Friday, February 8, 2013

Eating Jumbles and Wearing an Apron with Queenie Bean of The Persian Pickle Club

We invite you to join the free, on-line Quilters' Book Club!  Our book for February is The Persian Pickle Club by Sandra Dallas.  Pick up the book at your local library and begin reading.  If you don't want to miss any of the book club posts, become a follower of my blog or sign up to receive my blog posts through email.  (See the right side of my blog to sign up.  You will need to view the web version of my blog for this.)

On page 20 of The Persian Pickle Club, Queenie Bean says to her husband Grover:   
     "'I've got jumbles and hermits, made with the black walnuts we gathered down on the creek last fall.'
     "'Both kinds.'
     "I took out my plate with the peach-and-plum decal on it and piled it with cookies.  Then I put the pitcher of buttermilk on the table with a glass.  The outside of the pitcher was damp, and little drops of water ran down the sides, forming a wet ring on the tablecloth.  I took off my apron and sat down at the kitchen table across from Grover."

Cinnamon Jumbles were named by Betty Crocker as the best cooky of the 1890-1900 decade.  Here's a recipe from Betty Crocker's Cooky Book, copyright 1963:

Queenie Bean's Jumbles
1/2 cup shortening (part butter)
1 cup sugar
1 egg
3/4 cup buttermilk
1 teaspoon vanilla
2 cups flour
1/2 teaspoon soda
1/2 teaspoon salt

1/4 cup sugar
1 teaspoon cinnamon

1.  Mix shortening, 1 cup sugar, and egg thoroughly.  Stir in buttermilk and vanilla.
2.  Blend together flour, soda, and salt; stir in.  Chill dough.
3.  Heat oven to 400 degrees. 
4.  Drop rounded teaspoonfuls of dough about 2" apart on lightly greased baking sheet.  Sprinkle with mixture of 1/4 cup sugar and cinnamon.  Bake 8 to 10 minutes, or until set but not brown.  Makes about 4 dozen 2" cookies. 

"After Grandmother churned the butter, a delicious and digestible liquid remained in the churn - called buttermilk.  It was popular both for drinking and cooking."  - Betty Crocker's Cooky Book

My mother gave me several old family linens.  I used some for their intended purposes but decided I wanted to get creative with the others.  First, I made an apron, using a simple pattern.  Next, I cut one linen in half.  I used one half for the bib of the apron.  Then I gathered the other half of the linen and used it for the pocket.  Finally, I added a simple ruffle to the bottom and added store-bought lace to the ruffle.  I think Queenie would like my apron!

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You might enjoy reading my previous blog post:


  1. Every fall we walked along the creek from our place to my uncle's. We gathered pretty colored leaves for a a door display, picked up black walnuts, and cleaned up the trail of any trash.
    I still remember trying to pick the meat out of those walnuts! I also recall the flavor, something we never got from the store ... and I can guess why!

    1. Julie, I found a You-tube video explaining how to pick the meat out of those black walnuts. It definitely takes perseverance! Here's the link for those of you who don't understand what Julie's talking about and want to see all the steps involved:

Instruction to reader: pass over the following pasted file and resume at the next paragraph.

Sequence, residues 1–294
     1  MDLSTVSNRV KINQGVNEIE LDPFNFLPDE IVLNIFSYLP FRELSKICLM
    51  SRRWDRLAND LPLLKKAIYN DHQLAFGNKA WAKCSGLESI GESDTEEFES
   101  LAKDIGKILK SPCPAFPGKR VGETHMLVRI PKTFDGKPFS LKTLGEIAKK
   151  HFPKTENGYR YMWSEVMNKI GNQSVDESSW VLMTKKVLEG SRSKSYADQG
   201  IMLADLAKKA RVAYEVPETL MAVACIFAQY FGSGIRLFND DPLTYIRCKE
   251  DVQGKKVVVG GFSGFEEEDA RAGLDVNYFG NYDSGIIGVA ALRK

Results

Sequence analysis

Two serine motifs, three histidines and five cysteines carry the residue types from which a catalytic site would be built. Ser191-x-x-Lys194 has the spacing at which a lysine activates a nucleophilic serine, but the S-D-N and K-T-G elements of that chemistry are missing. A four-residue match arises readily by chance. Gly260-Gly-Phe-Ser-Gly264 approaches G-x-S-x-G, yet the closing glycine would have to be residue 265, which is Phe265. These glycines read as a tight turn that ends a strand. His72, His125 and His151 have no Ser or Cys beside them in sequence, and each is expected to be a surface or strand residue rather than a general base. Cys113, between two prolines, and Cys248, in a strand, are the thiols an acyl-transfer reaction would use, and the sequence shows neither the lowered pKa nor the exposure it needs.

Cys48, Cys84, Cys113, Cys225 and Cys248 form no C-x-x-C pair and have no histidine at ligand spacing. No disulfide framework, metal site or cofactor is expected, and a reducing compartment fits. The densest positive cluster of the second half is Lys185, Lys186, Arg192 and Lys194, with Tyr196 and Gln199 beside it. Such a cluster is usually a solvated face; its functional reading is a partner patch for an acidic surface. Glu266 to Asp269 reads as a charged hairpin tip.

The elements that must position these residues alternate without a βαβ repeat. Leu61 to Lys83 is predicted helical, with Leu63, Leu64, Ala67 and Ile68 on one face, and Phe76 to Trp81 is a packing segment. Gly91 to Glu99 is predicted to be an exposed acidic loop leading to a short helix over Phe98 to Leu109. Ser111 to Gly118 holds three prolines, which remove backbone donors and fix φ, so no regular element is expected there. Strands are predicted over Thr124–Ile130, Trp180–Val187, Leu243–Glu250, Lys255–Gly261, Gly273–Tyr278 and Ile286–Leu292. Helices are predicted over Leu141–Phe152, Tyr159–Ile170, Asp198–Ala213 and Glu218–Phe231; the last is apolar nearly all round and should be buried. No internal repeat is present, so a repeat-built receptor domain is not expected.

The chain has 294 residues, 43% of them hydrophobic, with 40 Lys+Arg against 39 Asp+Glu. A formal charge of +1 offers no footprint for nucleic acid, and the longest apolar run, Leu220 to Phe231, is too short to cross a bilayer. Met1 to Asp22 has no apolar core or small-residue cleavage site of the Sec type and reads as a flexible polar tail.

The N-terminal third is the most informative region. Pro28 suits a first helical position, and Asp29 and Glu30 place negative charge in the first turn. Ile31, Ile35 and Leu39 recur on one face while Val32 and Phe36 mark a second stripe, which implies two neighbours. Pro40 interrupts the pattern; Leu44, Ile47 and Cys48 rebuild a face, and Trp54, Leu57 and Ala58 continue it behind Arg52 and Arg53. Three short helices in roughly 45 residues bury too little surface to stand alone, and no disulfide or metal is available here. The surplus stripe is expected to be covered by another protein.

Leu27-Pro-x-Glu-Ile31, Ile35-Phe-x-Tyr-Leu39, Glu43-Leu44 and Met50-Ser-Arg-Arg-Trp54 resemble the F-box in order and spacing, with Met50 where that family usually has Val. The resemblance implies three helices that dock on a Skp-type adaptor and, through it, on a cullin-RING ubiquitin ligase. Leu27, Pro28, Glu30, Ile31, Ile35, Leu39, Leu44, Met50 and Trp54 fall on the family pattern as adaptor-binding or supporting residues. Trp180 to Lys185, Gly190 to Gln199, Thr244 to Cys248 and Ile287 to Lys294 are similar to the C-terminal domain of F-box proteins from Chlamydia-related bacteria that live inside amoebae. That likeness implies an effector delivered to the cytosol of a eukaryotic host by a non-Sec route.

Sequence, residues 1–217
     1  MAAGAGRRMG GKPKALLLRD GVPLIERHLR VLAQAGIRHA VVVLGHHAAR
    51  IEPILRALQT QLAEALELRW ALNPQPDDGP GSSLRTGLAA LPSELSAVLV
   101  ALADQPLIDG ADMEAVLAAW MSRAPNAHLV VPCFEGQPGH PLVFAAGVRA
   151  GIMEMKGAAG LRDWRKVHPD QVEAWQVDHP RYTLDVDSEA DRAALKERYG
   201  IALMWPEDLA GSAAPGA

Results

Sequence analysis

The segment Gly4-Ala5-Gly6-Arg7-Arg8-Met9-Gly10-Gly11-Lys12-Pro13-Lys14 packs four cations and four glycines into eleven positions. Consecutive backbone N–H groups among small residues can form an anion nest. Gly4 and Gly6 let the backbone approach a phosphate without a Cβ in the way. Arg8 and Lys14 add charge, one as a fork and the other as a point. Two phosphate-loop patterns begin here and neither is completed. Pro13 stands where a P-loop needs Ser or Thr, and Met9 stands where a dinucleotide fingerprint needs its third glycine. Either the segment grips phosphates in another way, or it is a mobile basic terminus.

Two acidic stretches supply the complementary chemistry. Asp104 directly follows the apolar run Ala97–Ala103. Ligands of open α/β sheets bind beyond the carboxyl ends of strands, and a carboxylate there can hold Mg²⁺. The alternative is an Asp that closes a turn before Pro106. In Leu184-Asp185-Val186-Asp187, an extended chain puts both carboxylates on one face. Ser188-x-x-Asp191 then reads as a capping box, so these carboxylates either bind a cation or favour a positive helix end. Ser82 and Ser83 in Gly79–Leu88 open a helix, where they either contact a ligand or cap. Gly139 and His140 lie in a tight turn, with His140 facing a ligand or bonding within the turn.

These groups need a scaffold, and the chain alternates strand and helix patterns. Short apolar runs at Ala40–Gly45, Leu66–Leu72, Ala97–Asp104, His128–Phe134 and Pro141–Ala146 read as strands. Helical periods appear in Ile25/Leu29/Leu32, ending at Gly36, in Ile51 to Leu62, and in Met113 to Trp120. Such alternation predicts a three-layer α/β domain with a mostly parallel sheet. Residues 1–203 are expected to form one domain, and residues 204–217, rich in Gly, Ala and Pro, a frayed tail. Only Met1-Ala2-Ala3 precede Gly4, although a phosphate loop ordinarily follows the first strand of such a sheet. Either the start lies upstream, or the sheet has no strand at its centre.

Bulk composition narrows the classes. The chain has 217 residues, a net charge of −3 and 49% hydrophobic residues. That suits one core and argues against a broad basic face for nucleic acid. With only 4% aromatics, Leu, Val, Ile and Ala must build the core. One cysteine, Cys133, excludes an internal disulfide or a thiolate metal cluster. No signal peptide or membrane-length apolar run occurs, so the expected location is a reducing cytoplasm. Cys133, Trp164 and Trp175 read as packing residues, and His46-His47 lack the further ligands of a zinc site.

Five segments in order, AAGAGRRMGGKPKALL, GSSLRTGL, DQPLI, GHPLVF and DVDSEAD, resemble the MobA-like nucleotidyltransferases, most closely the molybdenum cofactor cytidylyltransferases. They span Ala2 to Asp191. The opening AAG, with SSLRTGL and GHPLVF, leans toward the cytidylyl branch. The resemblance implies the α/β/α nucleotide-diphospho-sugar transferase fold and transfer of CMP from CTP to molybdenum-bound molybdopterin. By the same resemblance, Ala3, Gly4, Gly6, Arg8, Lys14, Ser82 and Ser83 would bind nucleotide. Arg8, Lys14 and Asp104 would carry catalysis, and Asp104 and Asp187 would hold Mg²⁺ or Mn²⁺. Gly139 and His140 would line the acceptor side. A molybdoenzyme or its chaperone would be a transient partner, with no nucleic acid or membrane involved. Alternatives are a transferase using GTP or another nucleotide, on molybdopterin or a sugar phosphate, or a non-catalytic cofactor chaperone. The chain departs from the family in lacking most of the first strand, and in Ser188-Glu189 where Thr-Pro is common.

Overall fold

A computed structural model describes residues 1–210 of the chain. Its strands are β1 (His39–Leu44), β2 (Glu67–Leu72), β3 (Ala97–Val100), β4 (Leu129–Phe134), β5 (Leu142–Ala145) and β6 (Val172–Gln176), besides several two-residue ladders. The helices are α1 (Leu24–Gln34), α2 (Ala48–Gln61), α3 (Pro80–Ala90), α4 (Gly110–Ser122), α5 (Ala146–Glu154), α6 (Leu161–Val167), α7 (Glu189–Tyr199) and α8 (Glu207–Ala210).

2. Aunt Mary in Ohio gave Mother, (we lived in Michigan,) some black walnuts one time. Mother was at a loss as to how to crack them...she even tried a sledge hammer! I think she ended up throwing them in the (cinder) driveway and running over them with her car. I don't remember eating the walnuts though! I think the Jumbles receipe sounds alot like Snickerdoodles!

    1. I've heard of running over them with a car! Black walnuts are also used for making basket dye. It looks beautiful, but your hands are stained as well if you're not careful! I agree that Jumbles sound a lot like Snickerdoodles.

  3. Julie wrote to me and said that if you used a saw to cut the shell, it was like lace and could be made into buttons. I found someone on etsy who did just that if you'd like to see what black walnut buttons look like:

    I don't know this etsy seller, and the buttons have already sold, but they're really interesting to look at!

  4. I'm certain Queenie Bean would love your apron! It's a nice use of vintage linens. I love Queenie's narrative. It's so personal-I feel I know her

    1. Sometimes characters in a book feel so real to me. And that's the way I feel about Queenie. I just know if I went to Harveyville, I would immediately recognize her and want to have her for a friend! I'm pleased with my apron. It hangs in my kitchen, and I get to see the vintage linens everyday - which I would never do if they were stored in a linen closet.

  5. I have alinen handkerchief that belonged to my great grandmother that was given to me to wear as "something old" in my wedding. It remains in my drawer, but I sure would like something great to do with it. Still thinking on that.

    1. I say better to use something than have it safely stored in a drawer.


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